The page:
Loyola’s graduate student union — about 200 graduate workers who assist with teaching classes, grading papers and preparing lectures in the College of Arts and Sciences — has been fighting for better treatment from the Loyola administration for two years.
The union has gotten some concessions from the school. It’s done this through demonstrations, such as public grade-ins in the Damen Student Center or a recent rally in front of the East Quad.
Grad workers are now allowed to work a second job. They’ve gotten a stipend raise. They’ve gotten dental insurance coverage along with other concessions.
But the strides they’ve made aren’t guaranteed. Without recognition, and the union contract that could result from it, none of those add-ons are permanent. Loyola could take them away arbitrarily if there was ever a reason to cut costs, the union argues.
So far, the group has only gained union recognition from the National Labor Relations Board.
Last spring, we watched as the university finally gave in to the demands of the non-tenure track (NTT) faculty union after two years of negotiations and a one-day strike in April 2018. The NTT faculty union got the recognition it so desperately desired not through the two years of negotiations, but through its strike.
Now, it’s time for grad workers to do the same.
Yes, the NTT strike was just a one-day demonstration, but it worked. Media covered it and interviewed professors. The story became, a question of how, in the midst of March Madness fever, Loyola could still act cheap toward its part-time professors?
It couldn’t; it’s no coincidence just two weeks after the one-day strike, the NTT faculty came to an agreement with the university.
While there are key differences between the NTT faculty and the graduate student union, the two have similarities and have told The Phoenix they work together and support each other’s causes when they can. The grad students could learn from the NTT faculty and employ the only tactic that was proven to put enough pressure on the university to reach a contract agreement.
The university has made its views known about the graduate students. Yes, the union has gotten some of what it’s been asking for, but Loyola has made it clear it doesn’t take them seriously.
“They are students in every sense of the word,” university spokesperson Evangeline Politis has said in multiple statements to The Phoenix over the last two years.
Colleges and universities across the country are dealing with similar issues as graduate student workers and NTT faculty aim to get better funding and benefits from their employers.
Closer to Loyola, graduate workers at the University of Illinois at Chicago (UIC) went on strike last month in order to put pressure on the school after more than a year of negotiations. They’re still on strike.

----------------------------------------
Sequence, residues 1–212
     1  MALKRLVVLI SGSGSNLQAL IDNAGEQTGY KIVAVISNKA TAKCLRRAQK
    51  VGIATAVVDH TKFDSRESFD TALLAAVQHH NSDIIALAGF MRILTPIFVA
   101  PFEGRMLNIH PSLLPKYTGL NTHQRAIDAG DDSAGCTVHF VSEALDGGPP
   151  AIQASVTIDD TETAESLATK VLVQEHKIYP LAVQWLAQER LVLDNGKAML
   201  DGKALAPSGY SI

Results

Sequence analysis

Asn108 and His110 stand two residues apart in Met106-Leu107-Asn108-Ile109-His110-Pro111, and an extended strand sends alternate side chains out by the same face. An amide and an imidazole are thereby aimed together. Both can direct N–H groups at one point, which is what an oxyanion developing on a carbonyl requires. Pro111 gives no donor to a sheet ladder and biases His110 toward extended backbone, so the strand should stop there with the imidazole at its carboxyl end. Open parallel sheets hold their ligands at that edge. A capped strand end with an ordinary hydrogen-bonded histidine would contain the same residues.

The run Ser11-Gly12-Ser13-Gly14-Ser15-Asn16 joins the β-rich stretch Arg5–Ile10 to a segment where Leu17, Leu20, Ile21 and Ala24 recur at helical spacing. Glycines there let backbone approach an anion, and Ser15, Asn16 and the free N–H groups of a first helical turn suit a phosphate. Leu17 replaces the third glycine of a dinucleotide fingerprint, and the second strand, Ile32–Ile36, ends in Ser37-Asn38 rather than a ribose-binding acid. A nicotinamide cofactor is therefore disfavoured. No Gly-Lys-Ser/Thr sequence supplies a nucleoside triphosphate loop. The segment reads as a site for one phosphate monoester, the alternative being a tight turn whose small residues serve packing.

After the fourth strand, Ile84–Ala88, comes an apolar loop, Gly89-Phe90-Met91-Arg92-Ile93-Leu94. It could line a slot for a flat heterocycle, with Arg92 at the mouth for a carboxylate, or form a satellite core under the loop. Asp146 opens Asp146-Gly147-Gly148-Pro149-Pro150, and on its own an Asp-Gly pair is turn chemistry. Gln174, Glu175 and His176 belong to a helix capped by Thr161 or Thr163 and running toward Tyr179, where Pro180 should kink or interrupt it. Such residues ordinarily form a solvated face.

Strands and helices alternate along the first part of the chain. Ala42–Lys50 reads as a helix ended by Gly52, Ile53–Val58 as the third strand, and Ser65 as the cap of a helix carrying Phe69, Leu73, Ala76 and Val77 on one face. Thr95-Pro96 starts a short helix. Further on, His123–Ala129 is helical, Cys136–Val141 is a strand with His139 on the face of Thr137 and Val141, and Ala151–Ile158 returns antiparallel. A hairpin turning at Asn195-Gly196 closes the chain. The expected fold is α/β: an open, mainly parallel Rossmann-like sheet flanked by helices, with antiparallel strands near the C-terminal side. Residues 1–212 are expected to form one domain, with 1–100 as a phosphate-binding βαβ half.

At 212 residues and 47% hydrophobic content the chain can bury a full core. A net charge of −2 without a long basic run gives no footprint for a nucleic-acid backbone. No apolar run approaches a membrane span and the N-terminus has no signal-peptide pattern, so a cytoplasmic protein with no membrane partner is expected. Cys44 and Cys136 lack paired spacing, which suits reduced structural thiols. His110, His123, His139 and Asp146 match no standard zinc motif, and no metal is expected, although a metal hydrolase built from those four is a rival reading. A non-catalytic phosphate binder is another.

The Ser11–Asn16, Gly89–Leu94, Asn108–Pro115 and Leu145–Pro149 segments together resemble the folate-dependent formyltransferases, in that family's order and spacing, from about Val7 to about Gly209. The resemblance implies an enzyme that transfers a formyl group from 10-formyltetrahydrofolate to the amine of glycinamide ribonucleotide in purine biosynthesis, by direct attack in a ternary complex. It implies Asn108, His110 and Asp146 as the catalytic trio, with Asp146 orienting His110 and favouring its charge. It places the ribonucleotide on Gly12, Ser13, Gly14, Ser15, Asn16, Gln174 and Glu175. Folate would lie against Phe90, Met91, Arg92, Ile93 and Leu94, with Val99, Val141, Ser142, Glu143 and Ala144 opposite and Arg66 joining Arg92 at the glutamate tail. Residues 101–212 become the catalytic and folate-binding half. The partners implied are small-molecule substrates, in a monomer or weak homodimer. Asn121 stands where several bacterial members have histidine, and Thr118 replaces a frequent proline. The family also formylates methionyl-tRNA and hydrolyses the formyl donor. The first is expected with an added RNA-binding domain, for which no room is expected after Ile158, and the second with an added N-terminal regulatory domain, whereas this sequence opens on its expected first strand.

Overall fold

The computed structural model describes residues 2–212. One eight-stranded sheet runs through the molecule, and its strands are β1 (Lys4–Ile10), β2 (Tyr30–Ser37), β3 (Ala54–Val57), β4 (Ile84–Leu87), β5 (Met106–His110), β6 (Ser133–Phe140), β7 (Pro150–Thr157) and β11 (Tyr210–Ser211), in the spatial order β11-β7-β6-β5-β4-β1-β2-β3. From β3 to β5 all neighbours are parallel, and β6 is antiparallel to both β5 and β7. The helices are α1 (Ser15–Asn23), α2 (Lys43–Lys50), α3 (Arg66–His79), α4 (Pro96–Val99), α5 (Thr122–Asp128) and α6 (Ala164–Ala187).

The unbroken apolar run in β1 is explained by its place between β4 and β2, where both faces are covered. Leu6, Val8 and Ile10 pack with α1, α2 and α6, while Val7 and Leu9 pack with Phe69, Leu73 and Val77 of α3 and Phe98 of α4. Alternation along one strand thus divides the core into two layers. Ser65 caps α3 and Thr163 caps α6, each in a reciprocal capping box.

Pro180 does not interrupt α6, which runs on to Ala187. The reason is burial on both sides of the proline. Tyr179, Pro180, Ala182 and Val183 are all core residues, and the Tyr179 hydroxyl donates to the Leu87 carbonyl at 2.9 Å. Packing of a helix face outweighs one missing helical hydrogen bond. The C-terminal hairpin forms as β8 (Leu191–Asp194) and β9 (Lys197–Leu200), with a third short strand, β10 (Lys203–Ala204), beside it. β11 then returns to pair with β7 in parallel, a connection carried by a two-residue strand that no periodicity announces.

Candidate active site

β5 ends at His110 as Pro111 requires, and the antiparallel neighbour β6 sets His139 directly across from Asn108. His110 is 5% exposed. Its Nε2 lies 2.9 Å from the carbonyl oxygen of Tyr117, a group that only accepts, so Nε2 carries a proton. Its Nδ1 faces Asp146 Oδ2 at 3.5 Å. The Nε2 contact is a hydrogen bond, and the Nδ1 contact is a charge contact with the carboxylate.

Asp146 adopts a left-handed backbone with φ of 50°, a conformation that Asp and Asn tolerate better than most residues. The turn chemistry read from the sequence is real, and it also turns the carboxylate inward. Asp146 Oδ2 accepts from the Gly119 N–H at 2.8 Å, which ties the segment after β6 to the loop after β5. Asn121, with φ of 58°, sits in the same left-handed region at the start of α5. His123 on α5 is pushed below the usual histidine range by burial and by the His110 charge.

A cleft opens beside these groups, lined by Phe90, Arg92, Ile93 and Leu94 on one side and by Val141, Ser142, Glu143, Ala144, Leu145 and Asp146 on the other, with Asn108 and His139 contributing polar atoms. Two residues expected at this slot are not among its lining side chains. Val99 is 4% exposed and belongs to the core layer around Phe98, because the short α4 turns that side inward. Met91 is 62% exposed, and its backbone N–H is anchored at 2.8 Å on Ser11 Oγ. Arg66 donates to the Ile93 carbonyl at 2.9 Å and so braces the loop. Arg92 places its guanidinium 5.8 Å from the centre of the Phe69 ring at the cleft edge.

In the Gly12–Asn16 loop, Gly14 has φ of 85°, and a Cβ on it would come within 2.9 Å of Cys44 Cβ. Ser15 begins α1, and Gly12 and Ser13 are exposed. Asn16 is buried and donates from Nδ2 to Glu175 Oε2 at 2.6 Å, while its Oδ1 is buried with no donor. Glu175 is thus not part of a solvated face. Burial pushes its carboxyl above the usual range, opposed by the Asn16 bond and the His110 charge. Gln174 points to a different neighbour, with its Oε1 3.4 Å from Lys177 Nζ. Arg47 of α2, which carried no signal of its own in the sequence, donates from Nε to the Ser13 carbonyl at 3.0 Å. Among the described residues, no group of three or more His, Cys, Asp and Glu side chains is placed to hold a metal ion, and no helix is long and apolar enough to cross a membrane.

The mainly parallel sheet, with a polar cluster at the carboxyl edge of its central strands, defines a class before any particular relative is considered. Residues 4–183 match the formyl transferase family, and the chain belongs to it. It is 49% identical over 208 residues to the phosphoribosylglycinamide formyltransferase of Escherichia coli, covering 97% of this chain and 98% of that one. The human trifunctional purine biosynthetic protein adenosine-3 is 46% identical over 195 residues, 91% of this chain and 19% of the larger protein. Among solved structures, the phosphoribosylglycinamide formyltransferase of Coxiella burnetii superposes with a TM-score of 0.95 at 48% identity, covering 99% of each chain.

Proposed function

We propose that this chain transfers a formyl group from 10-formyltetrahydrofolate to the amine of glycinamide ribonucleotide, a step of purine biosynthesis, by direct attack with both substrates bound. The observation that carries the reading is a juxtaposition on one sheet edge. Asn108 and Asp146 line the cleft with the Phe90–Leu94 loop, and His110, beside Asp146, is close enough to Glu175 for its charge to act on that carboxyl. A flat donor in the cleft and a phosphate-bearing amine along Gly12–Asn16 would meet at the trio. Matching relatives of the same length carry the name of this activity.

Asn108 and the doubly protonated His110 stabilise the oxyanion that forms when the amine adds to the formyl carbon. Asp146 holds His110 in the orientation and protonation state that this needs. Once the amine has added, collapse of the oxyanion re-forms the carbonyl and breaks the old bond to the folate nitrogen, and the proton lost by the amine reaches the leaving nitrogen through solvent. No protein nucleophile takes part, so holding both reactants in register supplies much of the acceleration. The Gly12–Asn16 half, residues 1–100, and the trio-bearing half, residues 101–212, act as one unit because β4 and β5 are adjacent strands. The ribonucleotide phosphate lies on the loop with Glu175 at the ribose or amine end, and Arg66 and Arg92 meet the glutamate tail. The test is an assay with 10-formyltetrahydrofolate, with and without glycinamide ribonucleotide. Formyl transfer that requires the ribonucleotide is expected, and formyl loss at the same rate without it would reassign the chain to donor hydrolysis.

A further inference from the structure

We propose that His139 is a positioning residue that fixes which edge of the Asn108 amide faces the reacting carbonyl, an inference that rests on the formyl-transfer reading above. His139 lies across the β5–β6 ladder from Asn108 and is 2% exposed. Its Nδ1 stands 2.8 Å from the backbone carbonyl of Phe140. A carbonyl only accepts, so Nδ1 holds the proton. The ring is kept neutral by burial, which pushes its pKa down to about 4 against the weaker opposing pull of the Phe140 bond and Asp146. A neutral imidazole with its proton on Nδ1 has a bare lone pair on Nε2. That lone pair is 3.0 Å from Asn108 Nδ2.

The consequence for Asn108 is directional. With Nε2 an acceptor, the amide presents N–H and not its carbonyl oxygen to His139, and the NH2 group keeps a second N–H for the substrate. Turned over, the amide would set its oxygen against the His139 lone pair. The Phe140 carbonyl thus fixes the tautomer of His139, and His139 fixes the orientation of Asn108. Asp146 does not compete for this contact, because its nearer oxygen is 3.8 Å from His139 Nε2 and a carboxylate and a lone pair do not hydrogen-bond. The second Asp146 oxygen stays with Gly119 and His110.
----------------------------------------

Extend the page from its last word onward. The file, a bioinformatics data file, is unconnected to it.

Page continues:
Graduate students at Georgetown University — another Jesuit institution — voted to unionize in 2018 and have been working to negotiate with administrators ever since.
Loyola has also turned to Catholic Social Teaching as a defense for not recognizing unions. But it went back on that and recognized the NTT faculty union — due, in part, to the response from the local media. Why hasn’t the university given in when it comes to the graduate union?
Graduate workers haven’t gone on strike.
The Loyola grad union’s recent rally March 21 would’ve been an ideal opportunity to announce such a strike, since it happened the same week the UIC workers walked out. But when asked, organizers said it was just another call for the university to come to the bargaining table.
Spoiler alert: they aren’t coming.
If Loyola grad students want to lead by example for their counterparts across the country, they’ll have to practice tactics that’ve been proven to get results.
Through a strike, the graduate student workers could show the university it can’t function without them.
While intermittent demonstrations and presence on social media have helped the union gain some traction, those strategies can only go so far. A strike would help Loyola grad students grab the attention of undergraduate students, who could potentially pressure Loyola to recognize the group as a union.
Unless grad students are noticeably missing from their regular posts helping in the classroom, undergrads likely won’t catch on to their cause and the university won’t take them seriously.
Grad students can settle for a few of the add-ons they asked for. They can continue to rely on demonstrations if they so please. But the university will continue to roll its eyes.
It’s time for grad students to take action. Until they do, their futures will still be in flux. They’ll continue to shout into the void in the hopes that the university will give them full recognition.
If they want results, they have to move beyond weekly tweets.
There’s a reason strikes tend to get things done.